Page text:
Electronic Waste and Public Health




The burden of electronic waste is becoming a global public health concern. This is more so as scientific and technological innovations have become integral parts of the processes for preserving the universal principles of globalisation. Many have argued that for the world to continue to bear its global village toga, advances in science and technology must be such that make life easier and better for citizens of the earth. Moreover, one of such ways is getting smarter through digital electronic technology. Sadly, the smarter we get in the world, the more problems we create for our environment through pollution with electronic waste.

Used electrical and electronic appliances, such as computers, smartphones, speakers, monitors, power banks, smart TVs and so on, will continue to move from country to country, thereby posing threats to human health through poor recycling systems. It is also important to note here that with shorter lifespans and very limited repair options, used electrical and electronic appliances are often condemned to be recycled or disposed of as waste.

Another factor contributing to this global anomaly is the electronics industry’s strategy of planned obsolescence, which leaves gadgets failing with time and users having no other option than to buy newer versions. This strategy is fuelling the rise in the volume of e-waste generation all over the world.

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Researchers have warned of the dangers inherent in electronic waste and their adverse effects on human health, especially at their disposal and recycling points. It has been established that electronic waste contains very toxic components that are dangerous to human health, such as mercury, lead, cadmium, polybrominated flame retardants, barium and lithium which have been linked with brain, heart, liver, kidney and skeletal system damage.

In 2001, the world generated a total of 57.4 million metric tonnes of e-waste, with an average yearly growth potential of 2 million metric tonnes. Most of this was generated in China, the United States and India. While there is over 347 million metric tonnes of unrecycled e-waste on earth in 2023, only about 17.4 per cent of this is known to be collected and properly recycled. The global e-waste recycling market was valued at $49,880 million in 2020, with Estonia, Norway, and Iceland having the highest e-waste recycling rates.

In Nigeria, the mismanagement of e-waste is a major public health burden that seems not to be getting the required level of attention. Famed for its staggering population with a Multidimensional Poverty Index of 133 million people, most Nigerians cannot afford brand new electrical and electronic appliances, hence their preference for second-hand or fairly-used ones, which come with the health hazards enumerated earlier.

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According to estimates by the World Health Organisation (WHO), in 2019, Nigeria generated N64.2 billion worth of electronic waste, ranking second in Africa, after Egypt. The problem however, is that the waste generated in the country coupled with what is being imported is seriously contaminating the environment with toxic chemicals.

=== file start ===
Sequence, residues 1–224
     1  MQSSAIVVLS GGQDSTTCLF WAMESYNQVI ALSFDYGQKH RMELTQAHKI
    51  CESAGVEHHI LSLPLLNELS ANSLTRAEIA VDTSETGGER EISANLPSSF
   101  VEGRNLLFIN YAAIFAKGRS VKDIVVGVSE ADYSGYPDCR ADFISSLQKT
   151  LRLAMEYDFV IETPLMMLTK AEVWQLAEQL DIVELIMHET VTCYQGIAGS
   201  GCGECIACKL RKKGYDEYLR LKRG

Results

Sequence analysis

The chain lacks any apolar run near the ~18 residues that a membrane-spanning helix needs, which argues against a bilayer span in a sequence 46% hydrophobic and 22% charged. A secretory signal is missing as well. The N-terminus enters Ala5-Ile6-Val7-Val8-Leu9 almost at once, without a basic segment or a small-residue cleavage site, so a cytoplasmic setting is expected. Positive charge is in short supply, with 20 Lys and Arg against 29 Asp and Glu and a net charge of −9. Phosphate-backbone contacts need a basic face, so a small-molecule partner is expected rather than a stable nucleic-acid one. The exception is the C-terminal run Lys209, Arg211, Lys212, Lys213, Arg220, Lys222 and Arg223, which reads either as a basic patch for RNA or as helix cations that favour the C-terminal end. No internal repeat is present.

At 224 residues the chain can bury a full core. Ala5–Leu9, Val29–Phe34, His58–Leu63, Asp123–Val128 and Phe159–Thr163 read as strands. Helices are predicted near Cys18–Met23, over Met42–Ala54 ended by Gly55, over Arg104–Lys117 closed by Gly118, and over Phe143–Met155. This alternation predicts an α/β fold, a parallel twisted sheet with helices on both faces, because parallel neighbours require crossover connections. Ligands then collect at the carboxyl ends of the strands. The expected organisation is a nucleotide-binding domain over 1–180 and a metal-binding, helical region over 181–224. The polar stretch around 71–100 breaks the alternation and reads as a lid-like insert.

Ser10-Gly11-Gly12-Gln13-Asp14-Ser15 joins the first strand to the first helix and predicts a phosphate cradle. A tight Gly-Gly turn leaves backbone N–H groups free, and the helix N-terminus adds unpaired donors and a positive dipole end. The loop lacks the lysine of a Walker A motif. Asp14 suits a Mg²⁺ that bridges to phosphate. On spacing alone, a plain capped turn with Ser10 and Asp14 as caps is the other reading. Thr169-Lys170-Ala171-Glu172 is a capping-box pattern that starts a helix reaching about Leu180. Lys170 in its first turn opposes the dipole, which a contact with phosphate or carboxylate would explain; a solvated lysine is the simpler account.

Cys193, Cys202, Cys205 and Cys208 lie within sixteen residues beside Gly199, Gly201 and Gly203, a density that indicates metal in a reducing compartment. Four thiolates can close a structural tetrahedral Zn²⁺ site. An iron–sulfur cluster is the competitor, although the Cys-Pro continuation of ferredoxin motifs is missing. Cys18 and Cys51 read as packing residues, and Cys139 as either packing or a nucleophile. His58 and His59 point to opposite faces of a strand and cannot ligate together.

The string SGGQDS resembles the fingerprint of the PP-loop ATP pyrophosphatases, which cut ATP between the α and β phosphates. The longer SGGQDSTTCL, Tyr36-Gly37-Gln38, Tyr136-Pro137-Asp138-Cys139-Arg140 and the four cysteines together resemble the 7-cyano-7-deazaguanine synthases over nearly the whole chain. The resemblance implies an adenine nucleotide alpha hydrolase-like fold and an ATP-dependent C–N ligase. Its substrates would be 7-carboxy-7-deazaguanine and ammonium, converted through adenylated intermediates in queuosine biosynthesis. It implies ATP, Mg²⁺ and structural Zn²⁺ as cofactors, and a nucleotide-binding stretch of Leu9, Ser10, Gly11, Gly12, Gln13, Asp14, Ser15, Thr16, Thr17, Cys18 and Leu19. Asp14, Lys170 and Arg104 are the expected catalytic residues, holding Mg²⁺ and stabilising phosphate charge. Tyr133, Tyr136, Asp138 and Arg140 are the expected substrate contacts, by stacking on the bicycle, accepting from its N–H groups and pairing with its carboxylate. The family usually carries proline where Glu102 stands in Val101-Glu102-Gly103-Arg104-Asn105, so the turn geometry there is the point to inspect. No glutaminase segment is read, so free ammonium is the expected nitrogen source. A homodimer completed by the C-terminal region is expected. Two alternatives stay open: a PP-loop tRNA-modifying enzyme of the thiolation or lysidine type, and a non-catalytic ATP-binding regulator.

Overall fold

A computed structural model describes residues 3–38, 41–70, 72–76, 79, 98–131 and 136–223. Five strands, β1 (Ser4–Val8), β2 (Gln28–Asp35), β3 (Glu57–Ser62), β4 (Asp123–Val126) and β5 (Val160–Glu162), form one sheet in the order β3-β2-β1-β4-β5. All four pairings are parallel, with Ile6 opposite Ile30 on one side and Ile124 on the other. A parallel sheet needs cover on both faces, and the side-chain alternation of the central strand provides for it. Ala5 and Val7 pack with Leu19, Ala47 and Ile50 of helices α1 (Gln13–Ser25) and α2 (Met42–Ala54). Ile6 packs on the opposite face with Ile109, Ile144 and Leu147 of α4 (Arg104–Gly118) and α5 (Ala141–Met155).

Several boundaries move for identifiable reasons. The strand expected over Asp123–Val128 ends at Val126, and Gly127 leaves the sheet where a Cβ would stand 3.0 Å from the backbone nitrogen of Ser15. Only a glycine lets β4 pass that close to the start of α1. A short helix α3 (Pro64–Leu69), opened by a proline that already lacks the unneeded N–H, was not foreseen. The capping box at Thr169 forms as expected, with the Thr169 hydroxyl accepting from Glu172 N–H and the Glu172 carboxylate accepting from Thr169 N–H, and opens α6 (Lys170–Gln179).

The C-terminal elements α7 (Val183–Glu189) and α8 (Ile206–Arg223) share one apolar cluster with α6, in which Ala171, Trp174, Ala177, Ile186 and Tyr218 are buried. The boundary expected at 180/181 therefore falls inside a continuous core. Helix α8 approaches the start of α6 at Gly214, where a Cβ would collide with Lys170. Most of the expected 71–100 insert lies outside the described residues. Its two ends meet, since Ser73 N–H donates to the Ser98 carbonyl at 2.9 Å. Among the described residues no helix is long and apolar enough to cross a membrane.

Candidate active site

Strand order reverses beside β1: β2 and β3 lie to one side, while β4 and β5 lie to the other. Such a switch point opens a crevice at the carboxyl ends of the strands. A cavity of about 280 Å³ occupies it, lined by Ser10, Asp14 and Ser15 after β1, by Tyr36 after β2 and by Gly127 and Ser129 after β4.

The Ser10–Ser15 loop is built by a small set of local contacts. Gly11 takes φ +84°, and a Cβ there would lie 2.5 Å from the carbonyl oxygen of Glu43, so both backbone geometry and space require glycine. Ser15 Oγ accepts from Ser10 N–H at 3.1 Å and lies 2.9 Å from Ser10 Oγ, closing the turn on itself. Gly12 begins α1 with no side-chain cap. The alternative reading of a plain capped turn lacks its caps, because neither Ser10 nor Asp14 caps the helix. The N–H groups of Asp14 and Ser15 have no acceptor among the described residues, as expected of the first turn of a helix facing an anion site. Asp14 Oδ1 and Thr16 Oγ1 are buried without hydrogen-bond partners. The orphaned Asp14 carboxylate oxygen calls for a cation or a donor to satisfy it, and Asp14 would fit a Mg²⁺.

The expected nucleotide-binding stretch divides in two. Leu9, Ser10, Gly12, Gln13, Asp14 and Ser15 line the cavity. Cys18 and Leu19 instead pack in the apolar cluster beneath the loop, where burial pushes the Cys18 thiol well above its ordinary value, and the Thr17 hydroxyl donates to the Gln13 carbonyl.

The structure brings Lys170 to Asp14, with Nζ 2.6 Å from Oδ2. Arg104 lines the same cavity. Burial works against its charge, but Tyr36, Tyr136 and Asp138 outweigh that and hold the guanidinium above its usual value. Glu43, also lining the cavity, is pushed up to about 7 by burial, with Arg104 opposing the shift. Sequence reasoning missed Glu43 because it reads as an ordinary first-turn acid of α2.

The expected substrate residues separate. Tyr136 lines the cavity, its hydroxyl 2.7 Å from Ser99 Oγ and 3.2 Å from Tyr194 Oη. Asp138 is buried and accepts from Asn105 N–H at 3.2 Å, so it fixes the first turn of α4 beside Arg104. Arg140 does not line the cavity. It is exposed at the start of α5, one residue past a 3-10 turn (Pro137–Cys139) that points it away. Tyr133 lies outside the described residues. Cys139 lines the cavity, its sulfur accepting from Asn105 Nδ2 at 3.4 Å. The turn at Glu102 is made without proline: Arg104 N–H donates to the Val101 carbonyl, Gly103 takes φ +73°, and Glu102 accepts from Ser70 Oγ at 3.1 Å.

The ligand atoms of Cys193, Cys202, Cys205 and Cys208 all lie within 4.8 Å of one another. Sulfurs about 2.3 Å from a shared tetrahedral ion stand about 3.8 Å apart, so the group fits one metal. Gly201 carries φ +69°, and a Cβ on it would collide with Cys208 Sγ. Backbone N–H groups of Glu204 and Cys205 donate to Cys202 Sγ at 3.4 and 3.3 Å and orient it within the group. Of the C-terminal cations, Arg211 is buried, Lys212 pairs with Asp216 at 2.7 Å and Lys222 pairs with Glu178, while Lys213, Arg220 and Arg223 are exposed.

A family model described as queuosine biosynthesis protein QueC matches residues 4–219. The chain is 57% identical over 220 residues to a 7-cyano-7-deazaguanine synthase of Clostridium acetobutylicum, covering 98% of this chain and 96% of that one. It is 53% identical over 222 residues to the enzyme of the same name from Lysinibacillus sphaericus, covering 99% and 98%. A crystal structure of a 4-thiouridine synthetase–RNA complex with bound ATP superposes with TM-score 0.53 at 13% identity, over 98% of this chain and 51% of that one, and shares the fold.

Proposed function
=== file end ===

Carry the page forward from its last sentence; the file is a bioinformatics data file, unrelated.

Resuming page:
In major cities like Lagos, Port Harcourt and Abuja that parade second-hand electrical and electronic markets, even on walkways and street sides, the health implications of these markets cannot be discountenanced. The indiscriminate e-waste recycling systems in Nigeria and the many dumpsites located in densely-populated residential areas make the problem even more worrisome, as children and women are often more grossly affected.

Nigeria lacks a standard recycling system, as well as effective management policies. Thus, electronic waste materials are inappropriately dumped and burnt or stored in houses and offices, raising their propensity to pollute the environment, to the extent that even underground water is affected.

Experts in healthcare have linked the consumption of contaminated water to many diseases. In 2020, there was a report by Okunola, et al (2019) that highlighted the bioaccumulation of heavy metals in the blood of children exposed to e-waste, leading to significant DNA damage. According to the report, “…spontaneous abortion and cancer were reported by women working in and living close to the two largest electronic markets in Lagos. Spontaneous abortion and cancer accounted for 5.3 per cent and 6 per cent, respectively, of the health problems reported in this study.”

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While it is true and economically beneficial that the Nigerian government can rake in revenue from the country’s e-waste market, it is also imperative that universal best practice is adopted, as seen in countries like Estonia, Norway and Iceland, with their standard acceptable recycling practices, which aim to safeguard public health and the environment.

The Nigerian government should also check the indiscriminate disposal of waste through the National Environmental Standards Regulations Enforcement Agency (NESREA), while also separating residential areas from electronic markets to prevent exposure of residents to contaminants.

A legislation for tackling electronic wastes in Nigeria becomes urgently expedient, while established rules, such as the European Union directives and draft legislation of China’s National Development and Reform Commission, should be guidelines. Above all, citizens should be educated more on the impact of e-waste on their health and the environment.




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